upsmon.conf - Configuration for Network UPS Tools upsmon


This file’s primary job is to define the systems that upsmon(8) will monitor and to tell it how to shut down the system when necessary. It will contain passwords, so keep it secure. Ideally, only the upsmon process should be able to read it.

A minimal configuration should include at least one MONITOR instruction, MINSUPPLIES (may be 0 if this system is only monitoring other NUT servers), and a POWERDOWNFLAG if this machine is a "primary" system connected to the UPS and drives its late-shutdown power-off command in an emergency.

Additionally, other optional configuration values can be set in this file.


DEADTIME seconds

upsmon allows a UPS to go missing for this many seconds before declaring it "dead". The default is 15 seconds.

upsmon requires a UPS to provide status information every few seconds (see POLLFREQ and POLLFREQALERT) to keep things updated. If the status fetch fails, the UPS is marked stale. If it stays stale for more than DEADTIME seconds, the UPS is marked dead.

A dead UPS that was last known to be on battery is assumed to have changed to a low battery condition. This may force a shutdown if it is providing a critical amount of power to your system. This seems disruptive, but the alternative is barreling ahead into oblivion and crashing when you run out of power.

Note: DEADTIME should be a multiple of POLLFREQ and POLLFREQALERT. Otherwise, you’ll have "dead" UPSes simply because upsmon isn’t polling them quickly enough. Rule of thumb: take the larger of the two POLLFREQ values, and multiply by 3.


When running in primary mode, upsmon waits this long after sending the NOTIFY_SHUTDOWN to warn the users. After the timer elapses, it then runs your SHUTDOWNCMD. By default this is set to 5 seconds.

If you need to let your users do something in between those events, increase this number. Remember, at this point your UPS battery is almost depleted, so don’t make this too big.

Alternatively, you can set this very low so you don’t wait around when it’s time to shut down. Some UPSes don’t give much warning for low battery and will require a value of 0 here for a safe shutdown.

If FINALDELAY on the secondary is greater than HOSTSYNC on the primary, the primary will give up waiting for that secondary upsmon to disconnect.
HOSTSYNC seconds

upsmon will wait up to this many seconds in primary mode for the secondaries to disconnect during a shutdown situation. By default, this is 15 seconds.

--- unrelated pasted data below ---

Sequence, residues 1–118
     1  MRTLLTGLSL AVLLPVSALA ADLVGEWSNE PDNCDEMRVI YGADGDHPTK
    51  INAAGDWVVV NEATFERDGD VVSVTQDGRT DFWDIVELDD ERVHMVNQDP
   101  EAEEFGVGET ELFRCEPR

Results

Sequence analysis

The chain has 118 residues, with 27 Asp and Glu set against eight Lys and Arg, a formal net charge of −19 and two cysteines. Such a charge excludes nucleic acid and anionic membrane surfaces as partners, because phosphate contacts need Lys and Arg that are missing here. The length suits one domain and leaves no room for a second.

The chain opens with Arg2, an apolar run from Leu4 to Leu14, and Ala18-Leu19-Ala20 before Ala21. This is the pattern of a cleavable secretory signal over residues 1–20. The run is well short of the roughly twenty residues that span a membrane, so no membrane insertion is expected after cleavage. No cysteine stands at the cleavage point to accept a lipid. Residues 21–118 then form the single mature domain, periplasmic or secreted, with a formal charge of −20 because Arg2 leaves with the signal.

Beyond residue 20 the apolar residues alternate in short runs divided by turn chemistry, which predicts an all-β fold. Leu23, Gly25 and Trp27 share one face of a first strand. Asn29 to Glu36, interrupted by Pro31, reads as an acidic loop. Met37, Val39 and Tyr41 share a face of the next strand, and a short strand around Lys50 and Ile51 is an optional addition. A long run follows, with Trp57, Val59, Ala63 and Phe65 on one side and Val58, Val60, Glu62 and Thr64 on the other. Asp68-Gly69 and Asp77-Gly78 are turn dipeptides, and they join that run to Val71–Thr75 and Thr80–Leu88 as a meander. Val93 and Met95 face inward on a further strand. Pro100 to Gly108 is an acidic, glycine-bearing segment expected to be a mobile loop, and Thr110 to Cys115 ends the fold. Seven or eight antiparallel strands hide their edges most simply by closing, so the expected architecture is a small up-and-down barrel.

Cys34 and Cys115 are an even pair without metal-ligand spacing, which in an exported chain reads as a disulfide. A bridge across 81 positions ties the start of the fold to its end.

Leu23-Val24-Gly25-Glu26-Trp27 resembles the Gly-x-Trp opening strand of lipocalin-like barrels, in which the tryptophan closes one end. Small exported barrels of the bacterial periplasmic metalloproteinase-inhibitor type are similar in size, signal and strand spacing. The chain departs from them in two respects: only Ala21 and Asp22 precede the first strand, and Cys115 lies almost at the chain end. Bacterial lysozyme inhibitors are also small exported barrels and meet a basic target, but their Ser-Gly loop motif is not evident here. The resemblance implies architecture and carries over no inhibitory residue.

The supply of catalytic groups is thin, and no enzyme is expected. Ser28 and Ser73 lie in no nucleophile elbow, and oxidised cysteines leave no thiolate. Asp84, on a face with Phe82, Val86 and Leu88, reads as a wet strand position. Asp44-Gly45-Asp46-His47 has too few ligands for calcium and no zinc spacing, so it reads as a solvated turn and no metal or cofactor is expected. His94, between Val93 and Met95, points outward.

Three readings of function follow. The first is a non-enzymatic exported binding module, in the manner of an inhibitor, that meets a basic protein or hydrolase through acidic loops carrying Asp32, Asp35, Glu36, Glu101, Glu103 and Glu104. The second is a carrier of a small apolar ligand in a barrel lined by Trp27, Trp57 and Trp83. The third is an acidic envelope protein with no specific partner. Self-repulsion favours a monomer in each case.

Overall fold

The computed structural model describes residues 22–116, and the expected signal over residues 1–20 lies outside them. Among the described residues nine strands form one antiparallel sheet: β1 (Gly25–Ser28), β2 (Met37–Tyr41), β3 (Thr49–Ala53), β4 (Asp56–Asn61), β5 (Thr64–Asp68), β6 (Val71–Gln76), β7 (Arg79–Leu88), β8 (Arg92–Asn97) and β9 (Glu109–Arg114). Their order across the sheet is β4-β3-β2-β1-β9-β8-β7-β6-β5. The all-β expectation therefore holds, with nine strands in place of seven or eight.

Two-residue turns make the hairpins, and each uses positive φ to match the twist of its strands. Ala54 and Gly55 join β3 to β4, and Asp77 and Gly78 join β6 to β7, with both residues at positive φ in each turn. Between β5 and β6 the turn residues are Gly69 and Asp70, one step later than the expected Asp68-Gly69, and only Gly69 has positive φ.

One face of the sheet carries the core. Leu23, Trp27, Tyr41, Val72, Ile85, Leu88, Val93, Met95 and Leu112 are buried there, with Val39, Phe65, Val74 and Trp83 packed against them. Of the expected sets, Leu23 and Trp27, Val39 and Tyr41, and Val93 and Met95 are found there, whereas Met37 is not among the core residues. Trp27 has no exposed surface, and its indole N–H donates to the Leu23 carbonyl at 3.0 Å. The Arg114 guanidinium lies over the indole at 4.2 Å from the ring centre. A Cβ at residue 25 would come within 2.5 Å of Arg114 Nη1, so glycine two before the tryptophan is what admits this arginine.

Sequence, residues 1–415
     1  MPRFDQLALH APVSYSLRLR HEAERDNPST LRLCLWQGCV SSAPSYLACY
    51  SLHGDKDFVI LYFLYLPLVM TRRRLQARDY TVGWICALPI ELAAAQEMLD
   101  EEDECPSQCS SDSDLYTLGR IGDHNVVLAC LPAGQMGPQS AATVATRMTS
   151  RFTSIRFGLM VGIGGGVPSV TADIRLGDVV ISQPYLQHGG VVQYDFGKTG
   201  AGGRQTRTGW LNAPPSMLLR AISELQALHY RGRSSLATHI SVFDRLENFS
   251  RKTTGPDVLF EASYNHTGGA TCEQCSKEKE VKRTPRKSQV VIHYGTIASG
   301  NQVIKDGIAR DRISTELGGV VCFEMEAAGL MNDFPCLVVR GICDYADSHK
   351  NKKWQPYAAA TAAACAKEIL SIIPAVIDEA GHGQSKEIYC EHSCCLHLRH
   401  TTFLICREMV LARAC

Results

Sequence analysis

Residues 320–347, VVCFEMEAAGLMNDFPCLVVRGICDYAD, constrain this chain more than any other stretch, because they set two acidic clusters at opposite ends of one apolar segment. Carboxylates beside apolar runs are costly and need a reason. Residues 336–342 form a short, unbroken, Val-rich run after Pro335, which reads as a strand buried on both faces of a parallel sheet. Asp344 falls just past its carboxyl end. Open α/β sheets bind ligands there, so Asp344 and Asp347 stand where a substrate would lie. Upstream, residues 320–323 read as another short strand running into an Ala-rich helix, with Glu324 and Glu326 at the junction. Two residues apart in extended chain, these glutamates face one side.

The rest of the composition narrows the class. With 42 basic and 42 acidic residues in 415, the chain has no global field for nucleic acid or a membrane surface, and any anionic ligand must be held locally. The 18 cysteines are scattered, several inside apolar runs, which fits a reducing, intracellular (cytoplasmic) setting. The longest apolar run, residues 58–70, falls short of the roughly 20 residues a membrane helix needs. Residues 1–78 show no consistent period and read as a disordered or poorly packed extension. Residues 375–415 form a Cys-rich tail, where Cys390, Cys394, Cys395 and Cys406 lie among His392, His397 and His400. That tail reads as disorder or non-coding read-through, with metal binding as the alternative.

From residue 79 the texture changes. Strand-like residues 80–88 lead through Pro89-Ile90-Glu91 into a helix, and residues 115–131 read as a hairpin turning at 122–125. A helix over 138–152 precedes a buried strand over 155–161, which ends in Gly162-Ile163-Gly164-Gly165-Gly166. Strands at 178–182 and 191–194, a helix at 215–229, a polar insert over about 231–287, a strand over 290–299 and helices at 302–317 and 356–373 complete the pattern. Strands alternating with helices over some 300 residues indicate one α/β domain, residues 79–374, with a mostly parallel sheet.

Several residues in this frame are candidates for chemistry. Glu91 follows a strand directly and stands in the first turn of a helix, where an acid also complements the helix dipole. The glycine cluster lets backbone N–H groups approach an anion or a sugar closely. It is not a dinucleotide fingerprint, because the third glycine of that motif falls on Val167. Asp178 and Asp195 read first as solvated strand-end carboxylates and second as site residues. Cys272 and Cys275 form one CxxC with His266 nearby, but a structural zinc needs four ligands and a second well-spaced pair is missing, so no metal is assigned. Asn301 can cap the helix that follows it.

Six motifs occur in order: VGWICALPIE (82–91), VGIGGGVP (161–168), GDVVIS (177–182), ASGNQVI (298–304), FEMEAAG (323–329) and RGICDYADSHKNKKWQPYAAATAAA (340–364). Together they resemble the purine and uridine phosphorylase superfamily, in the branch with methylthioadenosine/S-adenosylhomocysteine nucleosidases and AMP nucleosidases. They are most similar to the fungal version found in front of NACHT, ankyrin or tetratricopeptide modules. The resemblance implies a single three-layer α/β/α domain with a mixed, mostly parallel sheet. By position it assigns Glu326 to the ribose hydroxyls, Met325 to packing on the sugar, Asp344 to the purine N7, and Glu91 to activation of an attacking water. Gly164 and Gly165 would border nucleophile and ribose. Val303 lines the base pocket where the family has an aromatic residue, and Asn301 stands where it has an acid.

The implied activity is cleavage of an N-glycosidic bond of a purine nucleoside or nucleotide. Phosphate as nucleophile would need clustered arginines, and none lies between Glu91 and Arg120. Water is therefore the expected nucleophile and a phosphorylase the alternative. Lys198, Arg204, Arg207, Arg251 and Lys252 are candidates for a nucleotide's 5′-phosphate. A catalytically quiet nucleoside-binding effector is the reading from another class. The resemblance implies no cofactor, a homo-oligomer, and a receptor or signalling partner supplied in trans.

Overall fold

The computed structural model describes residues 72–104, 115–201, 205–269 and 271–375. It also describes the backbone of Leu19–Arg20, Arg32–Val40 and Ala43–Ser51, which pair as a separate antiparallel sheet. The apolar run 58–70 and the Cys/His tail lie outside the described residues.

When a UPS goes critical (on battery + low battery, or "FSD": forced shutdown), the secondary systems are supposed to disconnect and shut down right away. The HOSTSYNC timer keeps the primary upsmon from sitting there forever if one of the secondaries gets stuck.

This value is also used to keep secondary systems from getting stuck if the primary fails to respond in time. After a UPS becomes critical, the secondary will wait up to HOSTSYNC seconds for the primary to set the FSD flag. If that timer expires, the secondary upsmon will assume that the primary (or communications path to it) is broken and will shut down anyway.

This keeps the secondaries from shutting down during a short-lived status change to "OB LB" and back that the secondaries see but the primary misses.


Set the number of power supplies that must be receiving power to keep this system running. Normal computers have just one power supply, so the default value of 1 is acceptable.

Large/expensive server type systems usually have more, and can run with a few missing. The HP NetServer LH4 can run with 2 out of 4, for example, so you’d set it to 2. The idea is to keep the box running as long as possible, right?

Obviously you have to put the redundant supplies on different UPS circuits for this to make sense! See big-servers.txt in the docs subdirectory for more information and ideas on how to use this feature.

Also see the section on "power values" in upsmon(8).

MONITOR system powervalue username password type

Each UPS that you need to be monitor should have a MONITOR line. Not all of these need supply power to the system that is running upsmon. You may monitor other systems if you want to be able to send notifications about status changes on them.